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(Photo taken in 2020)

Agricultural Stories on North-west Lantau

The northwestern part of Lantau Island primarily refers to the coastal area from Tung Chung to Tai O. More than 30 villages in the area belong to two Heung Yeuks in Tung Chung and Tai O respectively*. In the past, although most villagers living on northwestern Lantau were fishermen, many of them were farmers. Times have changed and agriculture in the area has declined, but there are still interesting farmyard stories to be told. Let’s share a few of them with you today.

*Tung Chung Heung Yeuk included Chek Lap Kok, Mok Ka, Sheung Ling Pei, Ha Ling Pei, Ngau Au, Tei Po, Lam Che, Nim Yuen, Pa Mei, Tei Tong Tsai, Ma Wan, Wong Nai Uk, Shek Lau Po, Wong Ka Wai, Lung Tseng Tau, Ma Wan Chung, Shek Mun Kap and other villages. Tai O Heung Yeuk included San Tau, Sha Lo Wan, Sham Shek, Tai O market block (i.e., Kat Hing Street, Kat Hing Back Street, Tai Ping Street and Wing On Street), Shek Tsai Po, Leung Uk, Nam Tong Sun Tsuen, Yi O, Tai Long Wan, Lower Keung Shan, Upper Keung Shan, Ngong Ping and other places.

Aquilaria sinensis
(Source: Greening, Landscape and Tree Management Section, Development Bureau)

“Famous Classic Specialties” of Lantau Island

Shrimp paste, fish maw and other fishery products of Lantau Island need no introduction, but how much do you know about Lantau’s famous classic specialties (local specialties)? And are you aware that there was an official record of high-mountain tea found on Lantau Island? According to the record in the Gazetteer of Xin’an County compiled in 1819 in Qing dynasty, on Lantau Peak, the second highest peak in Hong Kong, “there is a divine tea that can help people keep cool and improve digestion... The natives pick it on the mountains on Ching Ming and called it Lantau Tea”. Although we have no information on from what species of trees Lantau Tea was picked, there is still a special drink on Lantau Island that can cool summer heat—Begonia fimbristipula hance drink.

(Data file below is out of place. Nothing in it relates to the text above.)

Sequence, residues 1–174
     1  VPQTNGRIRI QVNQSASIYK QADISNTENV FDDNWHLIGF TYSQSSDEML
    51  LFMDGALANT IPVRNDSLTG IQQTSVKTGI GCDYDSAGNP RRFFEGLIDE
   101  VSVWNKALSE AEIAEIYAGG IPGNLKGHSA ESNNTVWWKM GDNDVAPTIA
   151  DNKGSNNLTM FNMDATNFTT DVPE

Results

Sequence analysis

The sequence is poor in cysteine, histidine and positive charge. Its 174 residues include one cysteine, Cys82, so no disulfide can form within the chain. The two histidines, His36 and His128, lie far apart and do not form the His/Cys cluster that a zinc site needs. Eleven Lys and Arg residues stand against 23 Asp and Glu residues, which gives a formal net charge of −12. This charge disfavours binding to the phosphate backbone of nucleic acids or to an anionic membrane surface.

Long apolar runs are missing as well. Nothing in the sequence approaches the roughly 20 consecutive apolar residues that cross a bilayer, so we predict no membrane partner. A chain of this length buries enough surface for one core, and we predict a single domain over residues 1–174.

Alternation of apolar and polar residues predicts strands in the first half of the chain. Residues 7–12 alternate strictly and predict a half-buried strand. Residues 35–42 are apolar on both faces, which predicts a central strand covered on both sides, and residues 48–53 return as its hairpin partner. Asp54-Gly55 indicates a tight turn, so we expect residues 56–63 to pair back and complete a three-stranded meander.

In addition, a nationally well-known agricultural product—agarwood—was also once produced on Lantau Island. In the Ming dynasty, Sha Lo Wan (a village between Tung Chung and Tai O) was famous for growing Aquilaria sinensis, the source of agarwood. Agarwood produced in Sha Lo Wan and Lek Yuen (Sha Tin) was regarded as the best in Hong Kong. At that time, farmers growing Aquilaria sinensis would ship these very precious incense products^ to Guangzhou, then further north to Jiangsu, Zhejiang, the capital Beijing, or to Southeast Asia, the Middle East and Arab countries for sale. It is recorded in Guangdong Xinyu written in the Qing dynasty that “when agarwood is prevailing, the annual sales can reach tens of thousands of taels of gold”. The Ming dynasty was the heyday of agarwood production in Hong Kong. At that time, the name “Hong Kong” (Fragrant Harbour) was already used in the Yue Da Ji: Guangdong Coastal Map (1596). It is said that Hong Kong got its name as it was a harbour for transporting agarwood.

^When Aquilaria sinensis is infected by fungi, it will secrete a resin with a strong fragrance as its defence, and it is also why Aquilaria sinensis is also known as the incense tree. Incense or agarwood from Aquilaria sinensis is the translucent amber-like condensate from the above-mentioned “incense generating” process. Since the incense made from Aquilaria sinensis grown in Dongguan is better than those grown in other places, the incense is called “Guan incense” in Chinese. There are about 21 kinds of trees that can generate incense in the world, collectively referred to as incense trees. And Aquilaria sinensis, the local incense tree in Hong Kong, is one of them.

Remnant of wolframite mines in Sha Lo Wan
(Photo taken in 2020)

Particularly worth mentioning is that Sha Lo Wan was rich in wolframite, which was a kind of short rhombohedral crystals black in colour. According to a report in 1952, wolframite mines in Sha Lo Wan were reputed the “best mining area” then in Hong Kong. Miners regarded the premium wolframite from the area as “black gold”. The outputs from the mines were exported faraway to Europe and America. In July 1952, there were about 5,000 miners working in the mines in the area, and the mining area extended to San Shek Wan. After the mining rush had cooled down, some mining companies continued to operate until 1979.#

It can be seen that Lantau Island had precious natural resources, and we should not forget these “famous classic specialties”.

#In 1950, the Korean War broke out. There was a keen demand for tungsten for manufacturing firearms from various countries, and the price of wolframite skyrocketed.